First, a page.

June 24, 2019
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2 County men sentenced for sex, drug crimes

CARIBOU – Two men from the St. John Valley were arrested Wednesday after pleading guilty in Aroostook County Superior Court to separate charges involving sexually abusing a teen-age girl and selling illegal drugs.

James St. Pierre, 52, of Madawaska was charged with gross sexual assault in connection with abusing the girl for more than three years. Justice Paul T. Pierson sentenced him to three years in jail, with all but 18 months suspended and three years of probation.

During St. Pierre’s hearing, Deputy District Attorney John Pluto noted the defendant’s son had been sentenced earlier for abusing the same victim during the same time period. Scott St. Pierre, 19, of Madawaska was sentenced in August on charges of gross sexual assault.

“This is the only case I’ve ever prosecuted where the natural father and [son] abused the same victim,” said Pluto during the hearing.

The life of the victim, now a young woman graduated from high school, is “shattered,” Pluto said. “She’s left trying to build a life for herself. She’s just out of high school.”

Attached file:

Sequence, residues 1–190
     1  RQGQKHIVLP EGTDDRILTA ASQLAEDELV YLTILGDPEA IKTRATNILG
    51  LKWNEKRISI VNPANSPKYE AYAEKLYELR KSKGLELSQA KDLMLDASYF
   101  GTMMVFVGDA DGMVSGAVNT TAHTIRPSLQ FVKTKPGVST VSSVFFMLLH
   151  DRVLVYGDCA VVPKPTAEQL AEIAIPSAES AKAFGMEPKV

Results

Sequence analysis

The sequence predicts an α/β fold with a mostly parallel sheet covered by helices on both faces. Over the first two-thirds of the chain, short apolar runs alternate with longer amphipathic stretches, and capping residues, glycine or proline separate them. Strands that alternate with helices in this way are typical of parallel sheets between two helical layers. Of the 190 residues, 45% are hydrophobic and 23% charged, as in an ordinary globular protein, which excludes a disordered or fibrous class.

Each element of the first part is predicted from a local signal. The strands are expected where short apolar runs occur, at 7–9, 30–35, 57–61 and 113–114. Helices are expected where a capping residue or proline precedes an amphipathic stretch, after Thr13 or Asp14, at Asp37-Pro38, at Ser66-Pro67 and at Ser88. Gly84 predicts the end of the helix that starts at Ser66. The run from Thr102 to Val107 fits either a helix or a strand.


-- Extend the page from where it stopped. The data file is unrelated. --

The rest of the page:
The young victim attended the hearing. She sat quietly during the session, crying at times.

St. Pierre’s lawyer, James Lavertu of Madawaska, said his client felt “deep remorse,” and that St. Pierre’s decision to plead guilty to protect the victim from experiencing a trial should be considered by the judge during sentencing.

The sentence issued by the judge was derived from a recommendation by Pluto and Lavertu in exchange for the guilty plea.

Andrew Jackson, 53, of Fort Kent received a two-year sentence with all but six months suspended and two years of probation for trafficking in scheduled drugs.

Jackson, who blamed his drug abuse problem on trauma he experienced while serving in a medic unit during the Vietnam War, also was ordered by the judge to pay a $5,000 fine and to reimburse county government $600 for his stay at the Aroostook County Jail in Houlton.

Jackson’s charges stemmed from two purchases of marijuana made by undercover agents in May and June 1999. During a subsequent search of his residence, drug enforcement agents found almost five pounds of the drug, as well as several firearms, growing equipment and scales.

Jackson’s lawyer, Bill Smith of Van Buren, said his client’s traumatic experiences working with wounded and maimed soldiers in Vietnam led to his use of marijuana, which continued after the war was over.

Jackson told the judge that he realizes he needs to change his life and “not do the same thing again.”


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